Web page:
In Hoy terms, I was telling him that I was trying to steal the blinds with position. Maybe I had KQo, and the flop missed me so I went into a turtle shell. By the time he hits the tiny river card, he thinks he's got me. Clearly, no one would check it down with the Ace...or would they.

Interestingly, you can make the best money when you switch up your play from the usual. Tight players can make their most money when they loosen up on a given hand and scare away their competition. Loose players can make the most money when they slowplay their made hands. Really, this statement isn't succinct. What I really mean to say is that the Big hands, be them in a tournament or cash game, will come when you play against your type. You've seen in my last several You Decides that I seem to get paid best when I play slow, like the AA hand when I got my opponent to push into me. This isn't a new concept either, so I won't pretend that I made it up here. But I wouldn't mind a tight player (GCox, perhaps) to offer some insight into how profitable they are when they switch to an aggressive bluff in any given hand.

The other thing is the general concept behind Limit Hold'em. It is all about each individual bet. Here was a hand where I was able to painstakingly extract an extra 2 BBs ($8). If it was played in an ABC-poker format, those 2 BBs would've been lost. There is always opportunities to extract more, just as there are always opportunities to save money, when the times arise. In another hand I didn't save, I bet the whole way, even capping the flop, but the river sealed my fate. It was just another $4, but when you know you are dead, its time to fold. All the money in the pot won't save me from wasting that $4. That is Limit Hold'em, slugging it out for every single bet you can get.

Truth be told, I've been playing limit games practically exclusively lately. At first, it was under the guise that limit was a safer way to grind through my bonuses. I didn't have to worry about a single suckout or mental fart losing me $100 in a hand. But after I settled in, I really started to enjoy it. The plays are a lot less complicated (betting amounts are set, so no thought there, for instance), and the shorthanded games allow me to play fairly loosely. I also love the fact that my bets are for 2-4$ (and sometimes higher), amounts that I can easily picture in my head, as opposed to raising to $2 preflop in a NL game, which just seems to be a mass of chips only in my head. It's the same bet, but its just easier to quantify in limit. Multi-tabling is easier, thanks to PokerTracker and AceHud, and the level of competition seems basically easy.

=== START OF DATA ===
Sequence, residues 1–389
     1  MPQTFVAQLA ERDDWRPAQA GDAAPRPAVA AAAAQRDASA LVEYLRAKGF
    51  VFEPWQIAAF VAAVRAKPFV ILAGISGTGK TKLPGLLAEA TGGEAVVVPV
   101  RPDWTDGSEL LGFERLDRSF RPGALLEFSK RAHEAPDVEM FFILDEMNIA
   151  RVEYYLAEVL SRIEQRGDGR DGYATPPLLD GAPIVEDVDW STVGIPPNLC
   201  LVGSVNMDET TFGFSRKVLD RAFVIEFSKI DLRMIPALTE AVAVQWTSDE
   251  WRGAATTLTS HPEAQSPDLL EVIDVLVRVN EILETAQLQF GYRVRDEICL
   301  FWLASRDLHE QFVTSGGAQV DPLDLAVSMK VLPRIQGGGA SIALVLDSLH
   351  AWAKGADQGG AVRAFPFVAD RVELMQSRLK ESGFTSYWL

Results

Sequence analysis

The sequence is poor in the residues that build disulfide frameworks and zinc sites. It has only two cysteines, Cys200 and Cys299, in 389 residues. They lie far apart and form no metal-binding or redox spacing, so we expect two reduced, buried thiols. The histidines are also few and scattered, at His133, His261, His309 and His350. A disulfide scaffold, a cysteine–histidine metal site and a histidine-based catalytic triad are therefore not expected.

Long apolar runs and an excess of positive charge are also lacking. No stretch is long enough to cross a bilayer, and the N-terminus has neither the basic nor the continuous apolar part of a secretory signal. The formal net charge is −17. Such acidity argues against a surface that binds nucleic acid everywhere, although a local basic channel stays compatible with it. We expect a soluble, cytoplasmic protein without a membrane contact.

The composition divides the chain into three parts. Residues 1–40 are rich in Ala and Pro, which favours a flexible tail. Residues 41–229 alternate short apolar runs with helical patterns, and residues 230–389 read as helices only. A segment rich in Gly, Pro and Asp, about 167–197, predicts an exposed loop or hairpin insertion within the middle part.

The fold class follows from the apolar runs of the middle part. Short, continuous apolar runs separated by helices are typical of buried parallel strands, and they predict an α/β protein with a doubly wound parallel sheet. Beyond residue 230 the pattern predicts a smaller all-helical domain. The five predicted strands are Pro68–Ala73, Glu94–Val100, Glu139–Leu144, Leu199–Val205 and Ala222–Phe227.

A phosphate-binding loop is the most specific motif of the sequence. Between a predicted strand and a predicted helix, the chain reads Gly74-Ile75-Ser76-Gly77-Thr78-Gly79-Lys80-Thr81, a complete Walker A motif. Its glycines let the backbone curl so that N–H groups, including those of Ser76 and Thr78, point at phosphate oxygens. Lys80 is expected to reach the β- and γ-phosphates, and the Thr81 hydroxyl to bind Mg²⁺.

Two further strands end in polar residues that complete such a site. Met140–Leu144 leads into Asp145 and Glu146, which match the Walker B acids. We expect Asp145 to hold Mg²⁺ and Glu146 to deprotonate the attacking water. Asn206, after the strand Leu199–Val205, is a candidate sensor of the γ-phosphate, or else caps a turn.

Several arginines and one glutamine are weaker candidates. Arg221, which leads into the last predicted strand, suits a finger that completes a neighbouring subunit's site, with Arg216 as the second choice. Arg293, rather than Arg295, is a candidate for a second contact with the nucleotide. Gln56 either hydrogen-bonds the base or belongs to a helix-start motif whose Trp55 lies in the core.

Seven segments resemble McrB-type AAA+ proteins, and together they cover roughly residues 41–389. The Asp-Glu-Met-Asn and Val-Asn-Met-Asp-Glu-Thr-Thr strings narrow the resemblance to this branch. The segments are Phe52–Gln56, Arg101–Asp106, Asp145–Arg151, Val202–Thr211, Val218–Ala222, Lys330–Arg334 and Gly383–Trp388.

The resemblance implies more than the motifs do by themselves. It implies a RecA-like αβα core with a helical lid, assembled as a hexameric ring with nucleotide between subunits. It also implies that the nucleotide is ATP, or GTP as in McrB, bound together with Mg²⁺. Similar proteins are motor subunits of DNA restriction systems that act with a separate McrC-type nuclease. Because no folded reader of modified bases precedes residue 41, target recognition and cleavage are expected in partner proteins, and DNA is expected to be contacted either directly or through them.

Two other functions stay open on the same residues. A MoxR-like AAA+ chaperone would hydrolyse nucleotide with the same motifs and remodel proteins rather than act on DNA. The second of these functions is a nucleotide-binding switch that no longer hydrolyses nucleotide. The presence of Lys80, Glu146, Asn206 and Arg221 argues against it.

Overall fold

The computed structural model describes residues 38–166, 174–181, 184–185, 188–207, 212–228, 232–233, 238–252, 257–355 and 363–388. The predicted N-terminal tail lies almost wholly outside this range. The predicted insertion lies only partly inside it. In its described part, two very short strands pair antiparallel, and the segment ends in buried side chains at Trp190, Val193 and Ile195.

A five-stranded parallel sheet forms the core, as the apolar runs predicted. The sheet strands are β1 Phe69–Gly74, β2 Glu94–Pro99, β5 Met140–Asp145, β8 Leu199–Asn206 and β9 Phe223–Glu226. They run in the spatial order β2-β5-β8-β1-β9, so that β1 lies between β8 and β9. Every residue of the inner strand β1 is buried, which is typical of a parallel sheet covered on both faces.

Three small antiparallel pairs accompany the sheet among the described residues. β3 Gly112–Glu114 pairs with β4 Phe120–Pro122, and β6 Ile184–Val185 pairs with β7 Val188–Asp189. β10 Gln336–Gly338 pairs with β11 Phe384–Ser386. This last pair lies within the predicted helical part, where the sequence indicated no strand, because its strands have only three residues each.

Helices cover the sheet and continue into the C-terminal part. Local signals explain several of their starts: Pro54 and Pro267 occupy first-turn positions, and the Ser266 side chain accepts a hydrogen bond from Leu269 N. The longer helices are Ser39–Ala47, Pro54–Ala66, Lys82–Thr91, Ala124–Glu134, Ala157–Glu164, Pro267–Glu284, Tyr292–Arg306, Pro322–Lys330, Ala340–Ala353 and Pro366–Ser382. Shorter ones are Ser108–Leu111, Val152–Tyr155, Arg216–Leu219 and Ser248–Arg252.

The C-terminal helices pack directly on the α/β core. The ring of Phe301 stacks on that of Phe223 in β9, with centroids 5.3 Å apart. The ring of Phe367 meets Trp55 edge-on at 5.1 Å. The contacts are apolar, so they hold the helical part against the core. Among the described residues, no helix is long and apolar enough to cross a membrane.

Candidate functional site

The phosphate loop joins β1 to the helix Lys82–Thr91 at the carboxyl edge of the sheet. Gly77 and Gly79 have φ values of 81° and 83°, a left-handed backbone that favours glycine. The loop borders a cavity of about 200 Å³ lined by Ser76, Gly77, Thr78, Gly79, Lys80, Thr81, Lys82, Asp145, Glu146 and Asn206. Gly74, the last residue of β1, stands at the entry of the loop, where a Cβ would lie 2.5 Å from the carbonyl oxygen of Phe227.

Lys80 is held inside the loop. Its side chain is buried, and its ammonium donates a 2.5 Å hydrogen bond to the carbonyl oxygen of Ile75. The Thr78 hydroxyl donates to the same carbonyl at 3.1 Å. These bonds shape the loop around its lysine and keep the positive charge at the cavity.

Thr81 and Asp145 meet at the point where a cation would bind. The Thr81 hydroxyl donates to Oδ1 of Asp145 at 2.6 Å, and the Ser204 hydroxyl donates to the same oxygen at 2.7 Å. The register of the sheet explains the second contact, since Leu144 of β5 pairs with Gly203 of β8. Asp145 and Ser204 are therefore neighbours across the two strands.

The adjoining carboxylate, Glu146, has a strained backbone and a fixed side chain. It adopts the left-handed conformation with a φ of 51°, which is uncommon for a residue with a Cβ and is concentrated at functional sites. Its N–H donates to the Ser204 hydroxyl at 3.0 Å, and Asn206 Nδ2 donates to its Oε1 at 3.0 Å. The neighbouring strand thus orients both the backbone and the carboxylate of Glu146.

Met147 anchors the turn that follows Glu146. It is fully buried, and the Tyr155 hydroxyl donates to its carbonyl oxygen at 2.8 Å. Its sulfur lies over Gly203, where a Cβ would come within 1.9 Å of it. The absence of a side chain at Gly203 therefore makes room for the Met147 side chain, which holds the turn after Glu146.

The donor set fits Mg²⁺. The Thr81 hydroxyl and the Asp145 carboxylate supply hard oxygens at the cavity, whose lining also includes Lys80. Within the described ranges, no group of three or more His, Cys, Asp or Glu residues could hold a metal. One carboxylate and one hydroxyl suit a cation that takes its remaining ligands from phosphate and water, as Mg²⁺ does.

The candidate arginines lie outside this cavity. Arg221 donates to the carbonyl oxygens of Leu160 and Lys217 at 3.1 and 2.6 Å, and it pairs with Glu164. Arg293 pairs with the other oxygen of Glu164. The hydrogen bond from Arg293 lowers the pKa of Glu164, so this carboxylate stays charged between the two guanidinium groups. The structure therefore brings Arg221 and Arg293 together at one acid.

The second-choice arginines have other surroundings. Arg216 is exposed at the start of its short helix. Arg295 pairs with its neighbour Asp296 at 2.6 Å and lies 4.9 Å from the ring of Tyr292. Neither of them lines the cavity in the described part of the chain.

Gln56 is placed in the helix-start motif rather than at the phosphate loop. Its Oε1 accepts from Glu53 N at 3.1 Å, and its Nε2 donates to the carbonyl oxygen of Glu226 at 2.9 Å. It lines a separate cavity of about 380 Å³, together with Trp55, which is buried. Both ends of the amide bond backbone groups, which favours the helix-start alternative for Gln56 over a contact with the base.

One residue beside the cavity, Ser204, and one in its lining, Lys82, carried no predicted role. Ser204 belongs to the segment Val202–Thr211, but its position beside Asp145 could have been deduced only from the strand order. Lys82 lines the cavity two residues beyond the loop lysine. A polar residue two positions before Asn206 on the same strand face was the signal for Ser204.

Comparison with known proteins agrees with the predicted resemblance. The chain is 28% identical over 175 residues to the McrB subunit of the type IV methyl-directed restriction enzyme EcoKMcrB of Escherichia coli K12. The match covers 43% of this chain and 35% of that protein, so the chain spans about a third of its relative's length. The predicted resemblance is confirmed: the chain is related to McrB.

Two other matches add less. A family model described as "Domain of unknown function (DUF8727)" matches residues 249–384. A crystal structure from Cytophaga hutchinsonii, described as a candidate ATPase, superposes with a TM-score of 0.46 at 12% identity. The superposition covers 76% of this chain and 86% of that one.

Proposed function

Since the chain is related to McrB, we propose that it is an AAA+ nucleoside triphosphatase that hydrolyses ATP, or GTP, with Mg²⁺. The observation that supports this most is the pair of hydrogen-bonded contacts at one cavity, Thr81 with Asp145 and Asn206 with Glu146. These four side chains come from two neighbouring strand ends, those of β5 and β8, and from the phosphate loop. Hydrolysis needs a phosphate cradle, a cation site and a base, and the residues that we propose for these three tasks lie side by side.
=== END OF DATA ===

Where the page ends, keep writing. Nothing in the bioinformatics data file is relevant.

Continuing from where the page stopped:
In other words, Limit Poker is a shitload of fun. That's where I'll be for the time being, earning my rake (I just took down my first $18.75 of the $187.50 bonus) and running up my roll. My roll is currently down to about $600-700 after my recent withdrawal, so I can use all the bonus and bankroll padding I can get.

Back to the grind for me. Meanwhile, go read yourself a great story by poker role model Scott McMoneybags (McDreamy has been co-opted, as we all well know, but I believe it started with Scott McM before that silly doctor show), and take a look at the 101 Ways to Improve Your Game by that Surly Poker Gnome from a couple of days ago.

Until next time, make mine (limit) poker!

posted by Jordan @ 12:14 AM,


At 1:02 PM, Blogger Pokerwolf said...

I tend to play more aggressively when I play limit. If you aren't already doing so, bet your draws as often as possible. That not only camoflagues your hand (for example, if the board reads Ks 9h 4s) and if you hit, your opponent, if they're even paying attention, will probably put you on a pair of kings.